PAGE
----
What We Cannot Do to Each Other: On Forgiveness and Moral Vulnerability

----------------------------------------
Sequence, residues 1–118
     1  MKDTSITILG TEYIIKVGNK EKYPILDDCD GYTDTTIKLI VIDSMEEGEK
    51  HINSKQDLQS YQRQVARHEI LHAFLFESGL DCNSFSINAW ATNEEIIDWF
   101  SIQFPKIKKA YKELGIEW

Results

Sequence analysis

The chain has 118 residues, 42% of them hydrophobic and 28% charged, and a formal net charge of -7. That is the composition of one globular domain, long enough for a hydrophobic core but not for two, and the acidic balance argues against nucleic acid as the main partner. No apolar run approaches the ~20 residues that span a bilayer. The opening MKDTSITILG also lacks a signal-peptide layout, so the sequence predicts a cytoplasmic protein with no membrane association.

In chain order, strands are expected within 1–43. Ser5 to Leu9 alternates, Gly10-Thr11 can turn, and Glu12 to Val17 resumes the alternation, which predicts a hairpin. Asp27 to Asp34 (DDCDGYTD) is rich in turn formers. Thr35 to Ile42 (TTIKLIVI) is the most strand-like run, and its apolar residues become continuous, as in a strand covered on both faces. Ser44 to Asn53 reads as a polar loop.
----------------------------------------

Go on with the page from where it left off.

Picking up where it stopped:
Forgiveness typically becomes an issue when some wrong has been done, when a person intentionally-or at least knowingly-has wronged another.1 It is because of our vulnerability that we sometimes become victims of other peoples’ wrongdoing. If we were all invulnerable, wrongdoing would not be possible and there would be no need to ask for or grant forgiveness. The damage caused by wrongdoing can be of different kinds. As embodied creatures, we can suffer physical damage. Where private property has been institutionalised, we can be proprietors of material goods; as proprietors, we are materially vulnerable. Finally, as creatures with minds, we can suffer psychic damage. We can, for example, be traumatised. The physical or material or psychic damage we suffer does not have to be caused by the intentional wrongdoing of another person. It can be due to natural causes such as, for example, an earthquake. Where such damages have natural causes, it does not make sense for the victim to respond with any feelings of personal resentment, anger, hatred or affective motivational drive for retaliation and revenge-even though the victim may well respond with such an affect nevertheless.2 Only if such damages have been caused by intentional actions of other people, is there not only a victim, but also an offender. Forgiveness typically is an issue between a victim and his offender.